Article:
- Juror #2 (John Fielder): When asked why he voted guilty, Juror #2 cannot explain it beyond saying he just “felt” the boy was guilty.
- Juror #5 (Jack Klugman): The character is from the same “slum” as the defendant, and endures the bigotry of Juror #10 until eventually he can’t take it anymore. When at first they go around the table trying to explain why they think the boy is guilty to Juror #8, he passes and acts ashamed to be in the position.
- Juror #6 (Edward Binns): A good-natured, blue collar worker, who when he is first asked about the defendant’s guilt mentions an element not necessary for conviction: motive. He defers to authority, saying: “I’m just a workin' man. My boss does all the supposin'.” Juror #6 threatens to “lay out” Juror #3 for talking down to Juror #9, saying a guy who “talks like that to an old man really oughta get stepped on.”
- Juror #9 (Joseph Sweeney): The first juror to switch and join Juror #8 in voting not guilty, and also becomes #8’s best ally during the deliberations. Juror #9, who later identifies himself by the name “McCardle,” is an elderly man whose insight and ability to empathize becomes crucial as the deliberations go on.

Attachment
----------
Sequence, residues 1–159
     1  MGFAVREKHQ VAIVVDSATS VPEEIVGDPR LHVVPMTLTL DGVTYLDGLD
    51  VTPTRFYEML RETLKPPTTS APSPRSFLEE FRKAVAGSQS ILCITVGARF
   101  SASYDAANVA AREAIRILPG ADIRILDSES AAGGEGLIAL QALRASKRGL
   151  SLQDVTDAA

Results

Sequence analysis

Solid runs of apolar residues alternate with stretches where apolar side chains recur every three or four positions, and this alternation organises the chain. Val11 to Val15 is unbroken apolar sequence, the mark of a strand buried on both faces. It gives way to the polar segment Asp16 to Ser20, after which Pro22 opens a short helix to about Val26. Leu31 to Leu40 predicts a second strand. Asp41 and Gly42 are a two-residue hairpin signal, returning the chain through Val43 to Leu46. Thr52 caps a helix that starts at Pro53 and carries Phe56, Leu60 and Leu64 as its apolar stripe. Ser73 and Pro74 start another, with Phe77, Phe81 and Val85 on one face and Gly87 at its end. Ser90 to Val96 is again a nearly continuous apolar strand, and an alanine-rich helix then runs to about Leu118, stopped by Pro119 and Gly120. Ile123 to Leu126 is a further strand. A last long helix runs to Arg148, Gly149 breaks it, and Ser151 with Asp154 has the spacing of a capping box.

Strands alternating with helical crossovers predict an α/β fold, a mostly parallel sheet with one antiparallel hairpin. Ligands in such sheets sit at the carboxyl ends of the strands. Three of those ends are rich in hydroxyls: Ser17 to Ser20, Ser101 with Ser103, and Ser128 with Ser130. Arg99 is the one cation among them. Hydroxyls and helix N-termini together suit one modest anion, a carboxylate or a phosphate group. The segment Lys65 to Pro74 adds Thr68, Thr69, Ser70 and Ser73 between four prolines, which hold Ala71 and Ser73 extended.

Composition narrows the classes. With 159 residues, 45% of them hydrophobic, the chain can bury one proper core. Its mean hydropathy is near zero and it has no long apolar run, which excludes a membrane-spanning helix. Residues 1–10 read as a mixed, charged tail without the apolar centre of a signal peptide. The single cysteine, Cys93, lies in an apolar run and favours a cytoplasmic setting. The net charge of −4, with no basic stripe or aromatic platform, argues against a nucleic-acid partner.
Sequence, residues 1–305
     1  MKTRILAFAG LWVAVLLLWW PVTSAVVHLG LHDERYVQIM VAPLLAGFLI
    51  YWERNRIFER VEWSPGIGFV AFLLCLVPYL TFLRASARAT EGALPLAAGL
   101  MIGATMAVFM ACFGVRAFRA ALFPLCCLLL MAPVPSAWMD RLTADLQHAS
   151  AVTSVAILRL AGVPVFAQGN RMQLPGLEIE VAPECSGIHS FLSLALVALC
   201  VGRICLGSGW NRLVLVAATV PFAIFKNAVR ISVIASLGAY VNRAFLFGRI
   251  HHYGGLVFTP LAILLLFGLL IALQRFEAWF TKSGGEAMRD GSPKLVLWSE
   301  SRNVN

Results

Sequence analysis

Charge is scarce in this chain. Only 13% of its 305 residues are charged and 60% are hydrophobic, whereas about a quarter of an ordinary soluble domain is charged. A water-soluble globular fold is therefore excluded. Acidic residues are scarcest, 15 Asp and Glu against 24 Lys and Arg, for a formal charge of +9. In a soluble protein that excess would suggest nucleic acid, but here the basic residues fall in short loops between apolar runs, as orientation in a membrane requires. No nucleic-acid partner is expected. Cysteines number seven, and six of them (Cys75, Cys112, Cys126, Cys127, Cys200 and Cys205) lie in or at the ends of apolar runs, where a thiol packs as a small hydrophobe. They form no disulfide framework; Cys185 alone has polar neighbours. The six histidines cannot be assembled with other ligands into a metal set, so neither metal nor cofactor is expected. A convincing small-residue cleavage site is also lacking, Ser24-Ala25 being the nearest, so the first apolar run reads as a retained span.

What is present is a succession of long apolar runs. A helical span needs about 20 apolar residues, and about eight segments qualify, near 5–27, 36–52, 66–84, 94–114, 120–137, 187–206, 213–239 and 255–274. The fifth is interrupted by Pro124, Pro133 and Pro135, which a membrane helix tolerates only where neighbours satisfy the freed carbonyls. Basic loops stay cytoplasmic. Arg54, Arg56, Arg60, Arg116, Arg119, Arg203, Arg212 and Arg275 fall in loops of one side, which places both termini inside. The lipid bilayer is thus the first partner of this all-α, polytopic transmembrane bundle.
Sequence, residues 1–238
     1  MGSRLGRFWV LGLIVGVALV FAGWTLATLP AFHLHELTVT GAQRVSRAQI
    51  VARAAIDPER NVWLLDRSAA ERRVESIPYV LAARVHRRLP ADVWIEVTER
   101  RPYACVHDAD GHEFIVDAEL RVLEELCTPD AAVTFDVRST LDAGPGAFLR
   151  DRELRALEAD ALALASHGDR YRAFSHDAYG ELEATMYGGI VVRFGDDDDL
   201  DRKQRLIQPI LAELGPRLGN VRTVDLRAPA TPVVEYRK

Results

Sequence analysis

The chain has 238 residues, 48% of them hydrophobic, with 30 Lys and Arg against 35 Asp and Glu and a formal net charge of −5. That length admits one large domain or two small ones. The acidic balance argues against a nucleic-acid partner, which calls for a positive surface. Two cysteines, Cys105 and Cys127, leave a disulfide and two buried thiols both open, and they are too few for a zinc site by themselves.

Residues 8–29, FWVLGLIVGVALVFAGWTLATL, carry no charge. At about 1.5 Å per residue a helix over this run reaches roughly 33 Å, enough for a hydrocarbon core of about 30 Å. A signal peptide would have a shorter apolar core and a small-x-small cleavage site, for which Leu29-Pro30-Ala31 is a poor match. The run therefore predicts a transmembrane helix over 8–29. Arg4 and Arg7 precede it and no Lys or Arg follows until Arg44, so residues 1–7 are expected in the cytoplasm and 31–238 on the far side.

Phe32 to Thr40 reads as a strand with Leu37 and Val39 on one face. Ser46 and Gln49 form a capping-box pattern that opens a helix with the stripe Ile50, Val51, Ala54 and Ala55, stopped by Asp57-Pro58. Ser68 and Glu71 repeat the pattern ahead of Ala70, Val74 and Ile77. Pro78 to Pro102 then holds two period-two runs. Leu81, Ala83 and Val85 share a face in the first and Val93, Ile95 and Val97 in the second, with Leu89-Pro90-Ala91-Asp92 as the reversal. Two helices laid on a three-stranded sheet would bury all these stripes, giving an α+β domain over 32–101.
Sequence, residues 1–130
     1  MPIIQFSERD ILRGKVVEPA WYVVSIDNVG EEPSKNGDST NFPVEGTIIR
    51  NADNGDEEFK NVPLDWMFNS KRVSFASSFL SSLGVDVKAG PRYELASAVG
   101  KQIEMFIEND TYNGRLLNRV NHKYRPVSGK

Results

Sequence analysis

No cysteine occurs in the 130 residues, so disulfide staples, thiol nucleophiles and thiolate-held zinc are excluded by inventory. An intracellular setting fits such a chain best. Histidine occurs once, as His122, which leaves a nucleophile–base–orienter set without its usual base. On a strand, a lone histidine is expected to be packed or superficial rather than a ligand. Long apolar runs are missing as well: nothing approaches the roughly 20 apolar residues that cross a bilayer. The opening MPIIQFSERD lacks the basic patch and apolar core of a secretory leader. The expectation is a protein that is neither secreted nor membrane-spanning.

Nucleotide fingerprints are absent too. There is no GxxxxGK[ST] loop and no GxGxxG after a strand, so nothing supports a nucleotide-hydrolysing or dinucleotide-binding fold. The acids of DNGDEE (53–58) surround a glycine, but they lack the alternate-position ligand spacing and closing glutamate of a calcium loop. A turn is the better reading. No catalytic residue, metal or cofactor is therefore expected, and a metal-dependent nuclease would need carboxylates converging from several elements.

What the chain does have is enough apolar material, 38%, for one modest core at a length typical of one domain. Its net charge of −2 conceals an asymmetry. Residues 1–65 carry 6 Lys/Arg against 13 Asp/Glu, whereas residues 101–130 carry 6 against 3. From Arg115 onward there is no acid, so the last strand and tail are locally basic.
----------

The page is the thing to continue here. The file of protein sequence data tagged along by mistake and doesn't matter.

- Juror #11 (George Voskovec): A naturalized immigrant who voices patriotism and faith in the American system of justice throughout the story. He chastises the bad manners and bigotry of the other jurors at different points.
Juror #9: [motions to Juror #8] This gentleman has been standing alone against us. Now, he doesn't say that the boy is not guilty; he just isn't sure. Well, it's not easy to stand alone against the ridicule of others, so he gambled for support, and I gave it to him. I respect his motives. The boy is probably guilty, but I want to hear more. Right now the vote is 10 to 2 ...